Why it’s a good time to invest in UK start-ups if you’re a dollar investor

A weak pound, more realistic valuations, and US tech companies hungry to buy into British rivals, means there’s never been a better time to invest in UK start-ups, says Nick Hill of QVentures

The shift in holistic asset allocation from public to private markets has been evolving and gathering pace over the last 10 years or so.

Previously we saw family offices and ultra-net-high-worth individuals allocating increased capital allocations into private equity, now we are seeing this trend expand into the venture capital space.

Throughout my time as a private banker at CitiBank and now in my current role at QVentures supporting family offices to preserve and grow their wealth, I have witnessed first-hand my clients investing more into venture capital.

>See also: US venture capital market resilience gives hope to UK

While this shift has been gradually picking up over the past 10 years, the current macro environment, among other reasons, has helped this trend grow considerably.

4 reasons why it’s a good time to invest if you’re a dollar investor

Here I will explore the top four reasons why it’s a good time to invest in UK start-ups if you’re a dollar investor.

#1 – Currency wings

The dollar/pound exchange rate has dropped to its lowest position since 1985, a position which is not likely to change in the short term.

With the pound trading at a discount to historical averages, exciting opportunities are presenting themselves to the dollar investor in the private companies market. Dollar investors should be investing in UK-based companies now as currency tailwinds make them a more attractive proposition.

This opportunity will allow investors to aim to liquidate their investments in three to five years’ time when the pound has recovered. At this time, if sterling moves back to circa 1.30 against the dollar, the FX transfer back into dollars could give investors a 20 per cent return on top of the portfolio performance.

Interest from US investors has already accelerated over the past two years, as US investors took part in more than €70 billion worth of VC deals in Europe last year, having identified the opportunity early to access quality deals at better prices.

>See also: Who are the UK’s next unicorns?

#2 – Better terms and better priced deals

In comparison to last year when hyper inflated valuations were the norm, the market is now heading towards a reset. Public markets are seeing valuations down more than 50 per cent from their all-time highs, and public market SaaS multiples trading at 80 per cent their value, down from 50.8x to 8.8x today.

The artificial demand for cloud products was, in large, part driven by the unique circumstances brought about by the pandemic, which made it impossible to go to the office or to shop (shoutout to the Zoom and Shopify bull-run), and in turn explains why a market correction was due once “normal life” resumed.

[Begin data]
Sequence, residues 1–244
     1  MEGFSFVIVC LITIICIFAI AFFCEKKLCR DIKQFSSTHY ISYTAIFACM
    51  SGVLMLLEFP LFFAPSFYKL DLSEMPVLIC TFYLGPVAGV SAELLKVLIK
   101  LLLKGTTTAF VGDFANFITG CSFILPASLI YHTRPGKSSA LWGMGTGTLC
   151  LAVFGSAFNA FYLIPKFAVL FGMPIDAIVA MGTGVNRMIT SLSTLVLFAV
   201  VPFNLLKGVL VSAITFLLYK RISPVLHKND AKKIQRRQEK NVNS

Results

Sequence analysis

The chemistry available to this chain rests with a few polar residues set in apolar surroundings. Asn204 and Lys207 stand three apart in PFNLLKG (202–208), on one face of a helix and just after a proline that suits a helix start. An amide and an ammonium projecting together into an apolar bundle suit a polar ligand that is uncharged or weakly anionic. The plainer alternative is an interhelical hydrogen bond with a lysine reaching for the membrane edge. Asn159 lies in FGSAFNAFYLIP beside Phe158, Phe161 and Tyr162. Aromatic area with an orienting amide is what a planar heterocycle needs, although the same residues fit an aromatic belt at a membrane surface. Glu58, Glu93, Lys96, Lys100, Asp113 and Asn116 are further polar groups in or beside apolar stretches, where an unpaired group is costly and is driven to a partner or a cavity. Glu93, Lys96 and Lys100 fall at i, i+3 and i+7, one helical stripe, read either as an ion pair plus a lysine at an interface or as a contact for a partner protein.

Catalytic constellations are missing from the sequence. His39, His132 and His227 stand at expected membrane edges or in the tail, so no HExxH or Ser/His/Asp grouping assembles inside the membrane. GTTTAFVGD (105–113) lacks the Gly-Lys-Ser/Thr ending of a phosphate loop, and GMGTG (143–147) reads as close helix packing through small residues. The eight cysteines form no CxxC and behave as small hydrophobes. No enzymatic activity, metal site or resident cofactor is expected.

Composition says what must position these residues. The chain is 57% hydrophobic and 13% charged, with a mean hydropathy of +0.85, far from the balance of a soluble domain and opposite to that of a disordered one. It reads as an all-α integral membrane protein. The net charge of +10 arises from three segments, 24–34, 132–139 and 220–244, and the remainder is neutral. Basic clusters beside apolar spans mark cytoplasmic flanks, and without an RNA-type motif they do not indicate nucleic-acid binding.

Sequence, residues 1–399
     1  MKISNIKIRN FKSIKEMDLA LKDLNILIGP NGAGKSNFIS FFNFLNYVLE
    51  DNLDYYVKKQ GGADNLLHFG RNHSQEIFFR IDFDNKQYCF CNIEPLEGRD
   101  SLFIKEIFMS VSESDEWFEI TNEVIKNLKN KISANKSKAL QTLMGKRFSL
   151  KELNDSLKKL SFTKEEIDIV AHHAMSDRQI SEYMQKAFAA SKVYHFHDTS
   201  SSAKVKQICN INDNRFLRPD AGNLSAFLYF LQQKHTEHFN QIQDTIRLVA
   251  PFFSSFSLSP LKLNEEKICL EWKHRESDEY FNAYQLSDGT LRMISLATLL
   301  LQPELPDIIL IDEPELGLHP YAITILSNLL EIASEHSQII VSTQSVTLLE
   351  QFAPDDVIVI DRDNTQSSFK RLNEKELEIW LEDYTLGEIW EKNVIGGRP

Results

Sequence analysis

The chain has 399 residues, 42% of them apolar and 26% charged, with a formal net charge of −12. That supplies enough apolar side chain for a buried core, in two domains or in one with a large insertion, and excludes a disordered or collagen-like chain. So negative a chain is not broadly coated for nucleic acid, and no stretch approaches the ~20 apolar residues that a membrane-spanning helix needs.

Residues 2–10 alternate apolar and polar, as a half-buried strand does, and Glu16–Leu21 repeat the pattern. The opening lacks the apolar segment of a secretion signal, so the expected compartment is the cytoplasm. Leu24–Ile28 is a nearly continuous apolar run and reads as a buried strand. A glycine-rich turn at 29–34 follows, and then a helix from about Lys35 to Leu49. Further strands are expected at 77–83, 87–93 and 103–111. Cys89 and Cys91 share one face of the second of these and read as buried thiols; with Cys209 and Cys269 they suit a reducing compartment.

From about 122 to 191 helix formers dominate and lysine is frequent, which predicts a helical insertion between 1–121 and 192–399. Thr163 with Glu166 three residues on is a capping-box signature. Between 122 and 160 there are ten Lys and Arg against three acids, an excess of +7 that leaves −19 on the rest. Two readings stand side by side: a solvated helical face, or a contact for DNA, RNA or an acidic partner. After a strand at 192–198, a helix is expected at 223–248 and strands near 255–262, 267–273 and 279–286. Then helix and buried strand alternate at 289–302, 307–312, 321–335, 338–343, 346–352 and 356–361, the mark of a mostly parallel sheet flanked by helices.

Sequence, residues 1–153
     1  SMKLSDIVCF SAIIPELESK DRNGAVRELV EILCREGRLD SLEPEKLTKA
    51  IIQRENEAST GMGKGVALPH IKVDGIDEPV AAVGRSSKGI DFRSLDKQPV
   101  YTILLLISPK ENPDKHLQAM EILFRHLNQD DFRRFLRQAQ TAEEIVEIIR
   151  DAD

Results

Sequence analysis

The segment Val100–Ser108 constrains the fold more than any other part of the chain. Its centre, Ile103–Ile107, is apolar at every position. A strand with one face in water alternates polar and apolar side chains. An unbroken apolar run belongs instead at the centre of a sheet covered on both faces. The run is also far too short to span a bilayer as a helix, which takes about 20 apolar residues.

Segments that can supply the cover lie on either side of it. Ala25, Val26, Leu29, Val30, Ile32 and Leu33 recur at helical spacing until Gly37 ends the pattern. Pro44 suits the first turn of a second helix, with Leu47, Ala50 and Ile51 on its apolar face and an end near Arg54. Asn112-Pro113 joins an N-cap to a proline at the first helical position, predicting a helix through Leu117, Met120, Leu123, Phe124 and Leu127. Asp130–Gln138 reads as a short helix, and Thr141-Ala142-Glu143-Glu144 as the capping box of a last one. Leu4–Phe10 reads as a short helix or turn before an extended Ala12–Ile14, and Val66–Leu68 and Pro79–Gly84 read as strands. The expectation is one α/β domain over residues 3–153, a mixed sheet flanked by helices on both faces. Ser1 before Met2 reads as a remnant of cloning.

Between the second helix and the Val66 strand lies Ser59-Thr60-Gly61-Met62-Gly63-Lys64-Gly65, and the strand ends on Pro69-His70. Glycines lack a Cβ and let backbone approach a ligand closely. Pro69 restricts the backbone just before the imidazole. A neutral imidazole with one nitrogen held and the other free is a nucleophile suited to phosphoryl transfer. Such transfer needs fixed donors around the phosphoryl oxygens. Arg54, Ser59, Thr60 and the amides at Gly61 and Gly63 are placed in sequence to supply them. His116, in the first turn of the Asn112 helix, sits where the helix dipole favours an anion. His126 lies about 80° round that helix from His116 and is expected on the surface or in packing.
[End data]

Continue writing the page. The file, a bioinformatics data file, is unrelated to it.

According to Crunchbase, the normalisation of the market makes the ecosystem more investor friendly as funding rounds are less competitive, allowing more time for due diligence and getting to know founders. This has also led to more favourable negotiations for investors around deal terms, such as liquidation preferences, redemption rights, ratchets and tranched financings.

Additionally, recent reports find that European VC now outperforms European listed equities, private equity and US VC across a one, three, five and 10-year horizon. While this may surprise some, the research reinforces the investment argument for allocation to UK private companies for dollar investors within the current economic climate.

#3 – Increased M&A activity from US tech companies

As the number of innovative and revenue-generating UK companies continues to grow, US companies will continue to look across the pond for acquisition opportunities – even more so given the current market pullback and the recent depreciation of sterling. Opportunistic US companies screening potential UK investments will find strategic acquisitions easily justifiable given the steep discounts that quality UK assets are trading for.

Additionally, UK founders who are looking to exit are likely to be more inclined to explore trade sale opportunities while the public markets remain largely closed to new issuers given the ongoing volatility amid a rising interest rate environment. Data from Beauhurst reports that US takeovers of UK start-ups have risen to a record-breaking 130 firms since the beginning of this year.

#4 – More portfolio diversification

The argument for the allocation of investable assets into private companies is now stronger than ever.

Prior to QVentures, I was at CitiBank serving clients with an average net worth of $250m globally. I worked specifically with family offices and UHNWIs to successfully create asset allocations across, equities, bonds, commodities, private equity and hedge funds.

In my experience, private markets tend to have less correlation to public markets in times of economic contraction. They also have the potential to deliver enhanced long-term returns to complement the lower-yielding lower risk asset classes across their allocations.

Nick Hill is a principal at QVentures focusing on family offices. Previously he worked at CitiBank

Further reading

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Nick Hill

Nick Hill is a principal at QVentures focusing on family offices. Previously he worked at CitiBank.

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